Dan Verbeck is a local radio news legend but that doesn’t mean he’s above writing PR. In his latest communique from KCUR he notes the great community relations that the University of Missouri – Kansas City has with their neighbors given a recent award from some small East Coast College I’ve never heard of .
Great neighborhood relations for UMKC is an interesting thesis, but it’s also completely bogus.
There are many reasons why this ranking and subsequent award have no basis in reality, but probably the most obvious is that UMKC got rid of its neighbors a long time ago.
Up until the late 90’s UMKC had a unqiue, community feel and the college co-existed with neighbors as the campus naturally expanded. When I attended the University the place was already in the midst of a huge land grab, and was kicking longtime residents to the curb. They viewed the move as modernization and I have to admit that the houses so close to the campus were mostly maintained by a few old ladies and a bunch of leftover hippies who never dreamed of leaving college, but were too lazy to get a doctorate in sociology, media studies or creative writing. Nevertheless, this campaign concluded with a last desperate move involving caustic signage that spelled out the situation clearly.
“UMKC KILLS OUR HOMES”
That was the slogan that made liberal arts professors feel bad about themselves for a change and the phrase still resonates with some of the remaining faculty from those days. For those of us who remember the slogan, the legacy of community relations is pretty much a joke and any efforts to improve the image of the University in this respect will have to overcome this aspect of Kansas City history. A token award probably won’t erase this part of UMKC’s past.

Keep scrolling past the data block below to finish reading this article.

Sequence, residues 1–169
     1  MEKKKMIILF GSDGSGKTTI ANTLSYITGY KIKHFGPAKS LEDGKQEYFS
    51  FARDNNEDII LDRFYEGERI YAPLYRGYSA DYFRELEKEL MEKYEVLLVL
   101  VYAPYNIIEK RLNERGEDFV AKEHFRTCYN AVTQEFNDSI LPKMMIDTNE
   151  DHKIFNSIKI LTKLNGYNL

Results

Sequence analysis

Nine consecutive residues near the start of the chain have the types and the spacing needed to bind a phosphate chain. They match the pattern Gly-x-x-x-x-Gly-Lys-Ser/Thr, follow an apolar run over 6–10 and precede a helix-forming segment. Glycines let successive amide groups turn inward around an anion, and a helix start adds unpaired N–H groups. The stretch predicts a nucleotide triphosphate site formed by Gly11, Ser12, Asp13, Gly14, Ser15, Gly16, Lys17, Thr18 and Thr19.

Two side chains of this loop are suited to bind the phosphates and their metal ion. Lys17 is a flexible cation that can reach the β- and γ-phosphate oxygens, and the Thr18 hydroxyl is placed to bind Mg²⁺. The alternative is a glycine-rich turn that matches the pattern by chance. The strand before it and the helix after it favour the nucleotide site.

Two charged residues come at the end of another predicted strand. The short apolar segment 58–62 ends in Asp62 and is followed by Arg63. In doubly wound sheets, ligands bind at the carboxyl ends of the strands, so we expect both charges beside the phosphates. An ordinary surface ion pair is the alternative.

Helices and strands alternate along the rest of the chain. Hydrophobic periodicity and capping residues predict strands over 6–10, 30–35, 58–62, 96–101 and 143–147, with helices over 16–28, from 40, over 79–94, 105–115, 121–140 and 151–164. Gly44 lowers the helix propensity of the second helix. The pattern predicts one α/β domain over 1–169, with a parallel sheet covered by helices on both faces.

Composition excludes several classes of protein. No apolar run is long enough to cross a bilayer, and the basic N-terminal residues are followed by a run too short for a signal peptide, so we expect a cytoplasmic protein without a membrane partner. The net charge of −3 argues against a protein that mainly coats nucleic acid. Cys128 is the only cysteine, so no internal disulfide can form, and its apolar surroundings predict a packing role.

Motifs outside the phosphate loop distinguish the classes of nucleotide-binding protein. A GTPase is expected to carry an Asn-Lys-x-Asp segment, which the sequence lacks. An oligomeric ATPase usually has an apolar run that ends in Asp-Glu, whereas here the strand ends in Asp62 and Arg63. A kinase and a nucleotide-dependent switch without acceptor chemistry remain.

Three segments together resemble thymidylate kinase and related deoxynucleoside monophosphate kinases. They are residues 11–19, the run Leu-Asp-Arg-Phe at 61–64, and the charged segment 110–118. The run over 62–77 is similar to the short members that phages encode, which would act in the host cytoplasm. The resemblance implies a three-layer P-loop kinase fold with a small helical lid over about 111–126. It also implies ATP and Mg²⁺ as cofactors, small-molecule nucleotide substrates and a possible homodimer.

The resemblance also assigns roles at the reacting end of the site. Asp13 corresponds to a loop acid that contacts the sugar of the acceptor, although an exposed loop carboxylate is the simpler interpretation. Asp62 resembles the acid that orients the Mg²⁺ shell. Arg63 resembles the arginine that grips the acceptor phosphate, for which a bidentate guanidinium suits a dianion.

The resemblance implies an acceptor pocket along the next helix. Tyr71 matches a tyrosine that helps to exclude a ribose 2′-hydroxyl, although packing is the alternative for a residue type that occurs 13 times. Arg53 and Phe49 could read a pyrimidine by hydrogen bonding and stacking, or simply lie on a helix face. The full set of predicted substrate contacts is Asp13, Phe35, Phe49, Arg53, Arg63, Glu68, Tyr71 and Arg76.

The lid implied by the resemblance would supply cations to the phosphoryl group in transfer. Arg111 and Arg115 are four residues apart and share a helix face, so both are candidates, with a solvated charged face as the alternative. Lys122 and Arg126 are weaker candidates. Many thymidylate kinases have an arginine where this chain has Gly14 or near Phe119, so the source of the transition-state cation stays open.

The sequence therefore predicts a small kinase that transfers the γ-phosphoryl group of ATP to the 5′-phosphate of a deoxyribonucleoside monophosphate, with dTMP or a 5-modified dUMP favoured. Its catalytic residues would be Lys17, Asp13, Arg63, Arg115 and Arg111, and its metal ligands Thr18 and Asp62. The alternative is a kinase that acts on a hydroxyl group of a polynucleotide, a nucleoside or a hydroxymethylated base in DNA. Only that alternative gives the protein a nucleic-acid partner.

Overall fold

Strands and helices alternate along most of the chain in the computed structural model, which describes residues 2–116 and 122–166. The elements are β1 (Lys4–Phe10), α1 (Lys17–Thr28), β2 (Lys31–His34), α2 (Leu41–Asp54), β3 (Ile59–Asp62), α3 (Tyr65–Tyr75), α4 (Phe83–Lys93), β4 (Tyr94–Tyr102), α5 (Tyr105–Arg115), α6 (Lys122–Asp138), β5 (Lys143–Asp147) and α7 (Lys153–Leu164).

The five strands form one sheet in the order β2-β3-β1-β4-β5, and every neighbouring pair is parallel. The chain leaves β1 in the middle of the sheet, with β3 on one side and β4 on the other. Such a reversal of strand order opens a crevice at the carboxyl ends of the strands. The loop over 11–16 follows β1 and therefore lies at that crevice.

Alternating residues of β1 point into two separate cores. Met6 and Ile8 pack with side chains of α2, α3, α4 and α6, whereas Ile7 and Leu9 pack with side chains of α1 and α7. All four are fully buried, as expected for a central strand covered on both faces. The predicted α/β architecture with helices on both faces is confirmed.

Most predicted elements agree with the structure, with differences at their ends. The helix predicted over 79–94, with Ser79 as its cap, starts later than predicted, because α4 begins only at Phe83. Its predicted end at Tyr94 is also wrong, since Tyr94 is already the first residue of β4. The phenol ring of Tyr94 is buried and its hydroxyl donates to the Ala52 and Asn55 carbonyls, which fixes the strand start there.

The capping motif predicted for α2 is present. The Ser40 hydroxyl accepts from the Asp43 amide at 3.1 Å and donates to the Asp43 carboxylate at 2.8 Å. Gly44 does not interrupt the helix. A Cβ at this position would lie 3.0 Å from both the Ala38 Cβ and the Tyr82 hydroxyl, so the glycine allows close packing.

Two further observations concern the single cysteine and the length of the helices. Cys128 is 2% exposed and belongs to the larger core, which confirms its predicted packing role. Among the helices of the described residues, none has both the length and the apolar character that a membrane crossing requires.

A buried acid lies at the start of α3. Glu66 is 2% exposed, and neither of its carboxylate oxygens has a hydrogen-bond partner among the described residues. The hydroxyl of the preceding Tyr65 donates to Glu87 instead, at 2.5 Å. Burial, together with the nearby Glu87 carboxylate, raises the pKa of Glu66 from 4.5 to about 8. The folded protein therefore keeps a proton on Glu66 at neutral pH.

Also, the fact that UMKC admits so few nearby African-American and Latino students from around KC and would rather search around the world for “model minority” enrollment continues to impact more accurate gauges of its community relations.
Still, prizes are nice and I’m sure the University is proud of planting tulips and making sure their increasingly generic campus looks like every other well-manicured degree factory in the state.
In the final analysis, my Alma mater has always been, and will always be, a school of convenience for returning students and commuters. However, not so long ago the place seemed far more connected to Kansas City without all of the lame motion graphics commercials they run on late-nite cable TV. Now, most of the surrounding neighborhoods have been paved over by huge parking lots or converted into campus buildings, and the most frequent “community relation” that few mention is the consistent level of car break-ins and robberies courtesy of the Eastside just across Troost. Just a short walking distance away from the urban campus.